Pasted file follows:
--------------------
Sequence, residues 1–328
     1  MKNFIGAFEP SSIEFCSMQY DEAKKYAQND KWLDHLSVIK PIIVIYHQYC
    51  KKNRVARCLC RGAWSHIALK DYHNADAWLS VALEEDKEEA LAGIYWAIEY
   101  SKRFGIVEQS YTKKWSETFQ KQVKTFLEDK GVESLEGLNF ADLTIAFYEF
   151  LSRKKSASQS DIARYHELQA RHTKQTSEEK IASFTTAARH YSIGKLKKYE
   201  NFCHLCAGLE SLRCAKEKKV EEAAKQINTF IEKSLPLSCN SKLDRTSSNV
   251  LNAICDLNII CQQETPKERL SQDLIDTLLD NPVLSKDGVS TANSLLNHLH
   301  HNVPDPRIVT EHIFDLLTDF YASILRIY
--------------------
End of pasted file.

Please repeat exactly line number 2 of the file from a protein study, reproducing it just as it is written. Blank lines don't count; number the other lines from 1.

     1  MKNFIGAFEP SSIEFCSMQY DEAKKYAQND KWLDHLSVIK PIIVIYHQYC